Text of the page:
Two stories on one page of the Philadelphia Inquirer led me to question my sanity.
Wait — actually the sanity of America, because these two stories simply could not have existed through most of the long span of my life.
In one, the Perkiomen Valley school board is struggling to come up with a bathroom policy. The only bathroom policy I faced during decades in school was whether students could get away with smoking cigarettes in there.
Now, schools across America wrestle with how to handle the
almost none transgender students. I will return to that topic in a moment.
The other story concerns an activist, and perhaps leader, in the queer/Muslim/person of color community. That is Raquel Saraswati, who is accused of passing herself off as something she is not — a person of color. Not is she the first person to be accused of doing so. Rachel Dolezal, who was a white person who managed to get herself elected president of the Spokane, Wash., local NAACP chapter at least partly on her false claim of being Black.
Through much of my life, the usual thing was for Black people to try and pass for white, because of discrimination against Black people.
Dolezal also claimed Native American heritage, as did Sen. Elizabeth (Pocahontas) Warren, who made some ridiculous comment about high cheekbones.
Over the Affirmative Action years, which now may be drawing to a close, I know many whites tried to inject some color into their resumes, as other students tried to claim scholarships set aside for certain affinity groups, such as children of military, members of the Knights of Columbus, even left-handed students.
Now, especially since the George Floyd riots, there is even a certain cachet to being Black, as you can see in the remarkable number of TV commercials that feature Black actors. That is not a complaint, it is an observation, as is the large number of interracial families depicted in TV commercials.
I used to be a TV critic, and learned that TV does two distinct things — mostly it reflects society, but when not reflecting, it is leading society. It is able to do that because it is the only medium that reaches all of America — more than newspapers, more than radio, more than recording and film, more even than the internet.
It is a powerful voice with a powerful message, even when the message is not conscious.
TV commercials normalize what we see on the screen. So for most of its lifespan all we saw were white actors in commercials — and in shows — that was normal. Now, by their inclusion, Black actors (even Black networks) are normal, and that is another marker of how much things have changed in America.
For the good.
Let’s go back to the schools.
I met, and wrote about, transexual women in two columns in 2016, and the stats at that time reported nonbinary trans people represented about 0.7% of the population. That is 7/10ths of 1%.
Now, you can’t throw a hat without hitting one.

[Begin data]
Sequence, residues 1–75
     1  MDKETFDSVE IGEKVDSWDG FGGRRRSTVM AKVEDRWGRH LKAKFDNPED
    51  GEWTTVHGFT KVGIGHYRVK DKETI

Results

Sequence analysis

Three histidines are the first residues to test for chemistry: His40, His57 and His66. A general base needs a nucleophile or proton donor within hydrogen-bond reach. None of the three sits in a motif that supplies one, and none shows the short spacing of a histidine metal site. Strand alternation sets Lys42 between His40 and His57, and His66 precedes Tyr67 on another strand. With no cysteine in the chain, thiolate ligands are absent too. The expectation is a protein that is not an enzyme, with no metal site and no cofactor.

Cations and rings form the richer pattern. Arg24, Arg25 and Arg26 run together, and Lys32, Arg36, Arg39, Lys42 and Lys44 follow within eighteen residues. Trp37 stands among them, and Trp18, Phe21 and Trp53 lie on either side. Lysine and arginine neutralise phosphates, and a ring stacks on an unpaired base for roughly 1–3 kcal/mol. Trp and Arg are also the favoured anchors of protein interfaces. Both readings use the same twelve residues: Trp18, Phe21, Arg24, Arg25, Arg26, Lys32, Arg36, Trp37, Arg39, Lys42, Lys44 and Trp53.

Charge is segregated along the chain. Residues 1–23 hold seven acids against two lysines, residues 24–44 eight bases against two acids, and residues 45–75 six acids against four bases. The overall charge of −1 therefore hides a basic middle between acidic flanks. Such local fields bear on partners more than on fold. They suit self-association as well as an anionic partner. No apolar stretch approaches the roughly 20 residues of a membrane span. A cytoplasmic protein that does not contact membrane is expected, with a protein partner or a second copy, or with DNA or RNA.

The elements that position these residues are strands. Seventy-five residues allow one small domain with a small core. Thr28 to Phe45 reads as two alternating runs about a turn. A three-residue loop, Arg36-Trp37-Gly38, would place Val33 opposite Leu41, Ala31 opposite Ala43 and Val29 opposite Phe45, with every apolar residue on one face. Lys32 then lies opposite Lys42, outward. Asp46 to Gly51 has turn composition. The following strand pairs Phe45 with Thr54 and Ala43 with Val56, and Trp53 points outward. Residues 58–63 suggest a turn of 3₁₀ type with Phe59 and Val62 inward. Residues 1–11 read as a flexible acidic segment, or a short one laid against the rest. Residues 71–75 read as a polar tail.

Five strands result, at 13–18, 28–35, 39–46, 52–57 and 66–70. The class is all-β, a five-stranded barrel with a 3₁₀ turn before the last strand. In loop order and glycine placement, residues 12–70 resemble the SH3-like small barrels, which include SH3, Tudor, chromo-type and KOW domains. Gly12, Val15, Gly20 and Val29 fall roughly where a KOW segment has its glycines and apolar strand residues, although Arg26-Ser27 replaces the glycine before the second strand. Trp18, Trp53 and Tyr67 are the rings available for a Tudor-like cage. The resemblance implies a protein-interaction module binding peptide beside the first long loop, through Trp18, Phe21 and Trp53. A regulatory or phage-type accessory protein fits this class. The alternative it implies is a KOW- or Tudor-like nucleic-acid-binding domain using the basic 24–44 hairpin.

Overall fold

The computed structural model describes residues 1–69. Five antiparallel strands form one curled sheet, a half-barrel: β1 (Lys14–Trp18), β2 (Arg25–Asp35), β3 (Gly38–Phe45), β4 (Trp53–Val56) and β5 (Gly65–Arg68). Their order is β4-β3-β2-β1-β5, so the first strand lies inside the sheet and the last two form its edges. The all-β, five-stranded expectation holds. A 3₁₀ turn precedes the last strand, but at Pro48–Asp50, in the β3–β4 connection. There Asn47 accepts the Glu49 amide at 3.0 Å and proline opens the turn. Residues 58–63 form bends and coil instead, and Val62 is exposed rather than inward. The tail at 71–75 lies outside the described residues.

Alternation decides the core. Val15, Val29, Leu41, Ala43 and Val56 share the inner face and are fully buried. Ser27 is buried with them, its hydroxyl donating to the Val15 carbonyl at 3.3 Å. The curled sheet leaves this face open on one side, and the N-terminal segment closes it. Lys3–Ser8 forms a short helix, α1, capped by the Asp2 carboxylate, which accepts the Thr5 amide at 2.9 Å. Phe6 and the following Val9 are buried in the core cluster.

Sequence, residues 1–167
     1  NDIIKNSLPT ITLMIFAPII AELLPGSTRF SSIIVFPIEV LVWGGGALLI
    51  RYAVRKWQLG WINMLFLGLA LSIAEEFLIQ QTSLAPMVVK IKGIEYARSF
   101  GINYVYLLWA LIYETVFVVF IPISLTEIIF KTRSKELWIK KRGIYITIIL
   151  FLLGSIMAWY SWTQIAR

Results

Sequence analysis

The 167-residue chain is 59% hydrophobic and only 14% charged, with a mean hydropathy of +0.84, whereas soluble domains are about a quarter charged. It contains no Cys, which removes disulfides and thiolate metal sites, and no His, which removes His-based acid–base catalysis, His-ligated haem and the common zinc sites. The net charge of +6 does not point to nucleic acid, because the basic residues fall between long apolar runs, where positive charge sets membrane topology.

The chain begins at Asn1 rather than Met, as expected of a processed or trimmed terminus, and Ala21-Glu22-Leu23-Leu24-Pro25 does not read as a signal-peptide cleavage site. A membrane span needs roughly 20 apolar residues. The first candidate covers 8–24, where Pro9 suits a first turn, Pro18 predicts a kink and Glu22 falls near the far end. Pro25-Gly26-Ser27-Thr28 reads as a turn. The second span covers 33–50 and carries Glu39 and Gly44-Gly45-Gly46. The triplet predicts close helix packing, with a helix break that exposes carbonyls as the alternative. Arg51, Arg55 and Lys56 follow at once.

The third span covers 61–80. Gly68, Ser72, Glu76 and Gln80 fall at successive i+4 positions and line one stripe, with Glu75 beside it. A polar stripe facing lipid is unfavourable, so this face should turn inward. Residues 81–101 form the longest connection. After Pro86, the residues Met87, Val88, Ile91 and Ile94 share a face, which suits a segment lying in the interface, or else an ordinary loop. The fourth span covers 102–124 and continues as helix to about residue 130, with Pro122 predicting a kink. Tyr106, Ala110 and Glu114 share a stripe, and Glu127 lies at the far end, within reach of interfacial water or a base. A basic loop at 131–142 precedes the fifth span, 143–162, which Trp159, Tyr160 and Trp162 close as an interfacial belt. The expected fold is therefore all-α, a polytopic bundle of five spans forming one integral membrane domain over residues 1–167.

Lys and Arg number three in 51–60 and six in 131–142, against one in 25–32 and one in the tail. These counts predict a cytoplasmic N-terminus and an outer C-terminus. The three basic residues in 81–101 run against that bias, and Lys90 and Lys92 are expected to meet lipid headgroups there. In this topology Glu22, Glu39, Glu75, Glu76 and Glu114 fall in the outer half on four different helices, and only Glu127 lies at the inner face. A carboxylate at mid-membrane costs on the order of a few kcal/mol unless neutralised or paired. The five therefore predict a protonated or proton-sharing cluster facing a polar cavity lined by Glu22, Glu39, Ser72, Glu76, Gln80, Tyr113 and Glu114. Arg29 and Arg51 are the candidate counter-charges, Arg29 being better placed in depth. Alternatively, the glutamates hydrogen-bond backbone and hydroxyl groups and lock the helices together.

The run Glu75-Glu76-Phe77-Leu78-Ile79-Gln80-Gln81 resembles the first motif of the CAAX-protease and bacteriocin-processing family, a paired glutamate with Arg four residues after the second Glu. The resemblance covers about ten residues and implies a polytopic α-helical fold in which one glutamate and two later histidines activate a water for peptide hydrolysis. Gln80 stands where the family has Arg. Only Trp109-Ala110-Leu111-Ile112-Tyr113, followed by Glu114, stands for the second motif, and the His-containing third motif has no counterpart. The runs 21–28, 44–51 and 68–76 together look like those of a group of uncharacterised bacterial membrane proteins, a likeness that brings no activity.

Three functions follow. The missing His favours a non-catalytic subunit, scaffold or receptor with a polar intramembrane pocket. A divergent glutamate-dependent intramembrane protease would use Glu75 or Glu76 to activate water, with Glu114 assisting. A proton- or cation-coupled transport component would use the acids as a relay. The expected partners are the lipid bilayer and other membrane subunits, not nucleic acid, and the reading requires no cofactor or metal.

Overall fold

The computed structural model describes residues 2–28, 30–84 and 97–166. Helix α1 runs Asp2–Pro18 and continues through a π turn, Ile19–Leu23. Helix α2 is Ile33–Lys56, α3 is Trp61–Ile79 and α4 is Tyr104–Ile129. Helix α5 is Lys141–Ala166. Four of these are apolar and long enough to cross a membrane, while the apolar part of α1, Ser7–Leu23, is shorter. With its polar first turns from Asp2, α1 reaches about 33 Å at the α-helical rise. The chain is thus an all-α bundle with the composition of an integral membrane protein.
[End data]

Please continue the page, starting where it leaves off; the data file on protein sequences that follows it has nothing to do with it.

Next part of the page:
The first trans person to get media attention was Christine Jorgensen, an American male G.I. who went to Denmark for a sex-change operation in 1952, and became a sensation.
It was a sensation, but an aberration, a one-off, everyone thought.
Everything was quiet on that front for two decades, until 1976 when Renee Richards, formerly a male Opthamologist, tried to compete in the U.S. Open as a female.
OK, that’s two — but that’s it!
Until — oops, Bruce Jenner emerged from the
closet cocoon in 2015 as Caitlyn Jenner. That knocked down any remaining restraints and being nonbinary became as popular as pumpkin spice flavor in the fall.
Now, there is a reported explosion of nonbinary membership among Gen Z. Is it biology, psychology, or pressure from teachers and peers? I don’t know, I reported in a column.
It doesn’t matter if the students are actually nonbinary, or just believe they are, the issue gets dumped on the schools, and the renaming or rehabbing of bathrooms.
This won’t be resolved for a long time.
In a related story, one can ask that if you can change your gender because of how you feel, why not be able to change your race?
That is part of the explanation offered by Saraswati, who
was the former “chief equity, inclusion and culture officer” of the American Friends Service Committee. A couple of AFSC colleagues dug into Saraswati’s past, found she is of German and Italian heritage, she had changed birth name to Saraswati to seem more. . . whatever, and Saraswati’s own mother said, “I’m as white as the driven snow and so is she.”
In a news release, Saraswati said, “We are each the experts on our own lives. Anonymous, troubled, or unscrupulous individuals are not. . . Sadly, this extends to some biological and non-biological family members, including my own mother.”
She produced some testimony from her dermatologist to the effect that she had a darker skin tone, which geneticists said was questionable as an indicator of race.
She said she had taken DNA tests by three leading companies but would not name them. A clear red flag. She said she “was raised in the false and inconsistent narratives regarding my biology and [I] had to find that truth on my own.”
In a key passage in the handout, she said it was her “God-given right to pursue, embrace, and celebrate the truth of my personhood.”
In other words, eff the DNA, I am the one who decides who l am.
There’s a slight difference between the two stories.
We are free to reject the racial claims, but are supposed to genuflect to the gender ones.
And so, I question our sanity.